As may be seen by this example of baseball-playing knights, this dislike of chivalry is also the main source of humor in the novel. One of the many other instances of this type of ridicule may be seen when Hank describes how uncomfortable and impractical the armor is when travelling by horse.
It is possible to glimpse a contradiction in Hank's hatred of this code, however, as he is only ever praiseworthy of Sir Launcelot (although he is barely referred to in the course of the novel). He is also complimentary to King Arthur (for once) when the king displays his commitment to honor when helping the woman who is dying from small pox.
Once he gains a foothold in the Camelot hierarchy, Hank is quick to ensure he sets up schools and academies. His value for education is reflected in his actions. Taking a step back from this character, it is possible to see that this novel acts as a treatise for the benefits of education and Hank is the means to voice such opinions.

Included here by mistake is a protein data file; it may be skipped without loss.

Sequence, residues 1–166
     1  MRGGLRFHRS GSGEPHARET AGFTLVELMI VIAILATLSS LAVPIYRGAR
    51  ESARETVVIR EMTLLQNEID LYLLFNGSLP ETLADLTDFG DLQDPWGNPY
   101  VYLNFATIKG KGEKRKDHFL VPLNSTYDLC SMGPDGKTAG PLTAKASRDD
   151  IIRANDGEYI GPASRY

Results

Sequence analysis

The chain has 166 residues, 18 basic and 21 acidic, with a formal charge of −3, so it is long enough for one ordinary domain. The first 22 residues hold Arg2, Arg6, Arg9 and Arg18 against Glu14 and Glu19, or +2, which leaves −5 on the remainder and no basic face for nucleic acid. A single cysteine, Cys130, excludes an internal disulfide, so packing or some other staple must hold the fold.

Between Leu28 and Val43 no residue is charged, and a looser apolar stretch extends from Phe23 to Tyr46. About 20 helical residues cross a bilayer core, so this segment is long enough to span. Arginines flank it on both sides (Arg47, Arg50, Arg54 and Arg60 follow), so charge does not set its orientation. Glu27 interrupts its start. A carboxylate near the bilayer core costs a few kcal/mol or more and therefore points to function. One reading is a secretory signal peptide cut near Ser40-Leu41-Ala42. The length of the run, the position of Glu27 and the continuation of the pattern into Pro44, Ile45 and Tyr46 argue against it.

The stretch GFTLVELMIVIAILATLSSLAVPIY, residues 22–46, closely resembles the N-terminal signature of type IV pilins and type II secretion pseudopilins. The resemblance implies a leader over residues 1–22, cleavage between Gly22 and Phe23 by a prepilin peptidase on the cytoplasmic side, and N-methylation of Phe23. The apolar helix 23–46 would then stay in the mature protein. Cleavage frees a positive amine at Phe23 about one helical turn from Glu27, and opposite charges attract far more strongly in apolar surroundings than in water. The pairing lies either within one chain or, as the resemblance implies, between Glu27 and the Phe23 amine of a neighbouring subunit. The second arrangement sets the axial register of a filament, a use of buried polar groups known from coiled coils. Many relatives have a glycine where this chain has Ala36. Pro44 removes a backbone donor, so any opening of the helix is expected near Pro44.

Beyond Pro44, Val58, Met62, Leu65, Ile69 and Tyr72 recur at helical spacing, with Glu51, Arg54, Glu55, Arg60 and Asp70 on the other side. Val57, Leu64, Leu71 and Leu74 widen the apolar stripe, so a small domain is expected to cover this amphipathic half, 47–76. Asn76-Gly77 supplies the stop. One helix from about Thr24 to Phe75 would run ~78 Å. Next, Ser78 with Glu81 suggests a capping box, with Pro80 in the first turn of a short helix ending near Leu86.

Further to these specific points concerned with justice and fairness, there is the underlying and constant concern for equality. Hank's wish for equality is at times contradictory, though, as he claims to want a republic and votes for every man, yet enjoys and takes advantage of the title Sir Boss that is bestowed upon him.
Science in opposition to superstition
It is possible to argue that Hank offers an obstinately subjective point of view, as he is never self-questioning about how he uses these superstitions for his own ends. He depends on the gullibility of the population for his own purposes as he uses his superior understanding of technology to impress them.
A Connecticut Yankee in King Arthur's Court: Theme Analysis